(Jamaica Observer) The Jamaican dollar plunged to its lowest value ever on Friday, trading at an average $100.08 to its US counterpart, a development that is in keeping with a recommendation of the International Monetary Fund (IMF).
Last month, the IMF, in its Country Report on Jamaica, said that despite a recent depreciation in the value of the Jamaican dollar, the currency was overvalued and further depreciation was needed.
“The recent nominal exchange rate depreciation has been useful, by reversing part of the overvaluation of the real exchange rate that has emerged in recent years, thus supporting price competitiveness,” the IMF said.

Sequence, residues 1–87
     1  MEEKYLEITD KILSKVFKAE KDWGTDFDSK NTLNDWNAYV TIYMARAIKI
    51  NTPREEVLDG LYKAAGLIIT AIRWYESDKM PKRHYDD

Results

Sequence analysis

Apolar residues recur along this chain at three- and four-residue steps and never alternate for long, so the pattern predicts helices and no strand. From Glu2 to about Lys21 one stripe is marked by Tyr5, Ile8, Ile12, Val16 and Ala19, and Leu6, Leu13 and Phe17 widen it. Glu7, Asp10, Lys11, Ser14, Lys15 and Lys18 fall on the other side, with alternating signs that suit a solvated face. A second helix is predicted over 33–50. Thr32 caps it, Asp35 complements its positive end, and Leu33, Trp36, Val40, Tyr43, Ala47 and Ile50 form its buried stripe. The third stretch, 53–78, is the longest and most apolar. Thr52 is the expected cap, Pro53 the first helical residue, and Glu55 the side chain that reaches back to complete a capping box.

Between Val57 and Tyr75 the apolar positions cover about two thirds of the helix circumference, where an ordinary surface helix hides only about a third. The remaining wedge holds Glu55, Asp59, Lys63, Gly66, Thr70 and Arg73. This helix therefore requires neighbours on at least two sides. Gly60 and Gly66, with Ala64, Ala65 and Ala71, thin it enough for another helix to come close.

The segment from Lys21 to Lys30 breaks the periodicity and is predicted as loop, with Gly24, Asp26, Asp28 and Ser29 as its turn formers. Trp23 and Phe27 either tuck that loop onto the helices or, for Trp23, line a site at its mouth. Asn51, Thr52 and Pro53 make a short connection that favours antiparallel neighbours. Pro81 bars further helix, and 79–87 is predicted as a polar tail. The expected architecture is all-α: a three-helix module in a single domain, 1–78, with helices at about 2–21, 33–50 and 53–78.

“Looking forward, and given the need to address the remaining overvaluation, structural reforms are expected to help in restoring external competitiveness, alongside exchange rate flexibility,” the fund added.
Early last month Jamaica signed off on a funding arrangement with the IMF that will see the island receiving nearly US$2 billion in loans over the next four years from the IMF, the World Bank and the Inter-American Develop-ment Bank under an Extended Fund Facility. In its country report, the IMF said that there may still be a need, at times, for interventions in the foreign exchange market aimed at avoiding disorderly short-run movements. “In this context, the programme contains clear reserve targets to safeguard the adequacy of reserve coverage — a key policy priority under the programme,” the Fund said.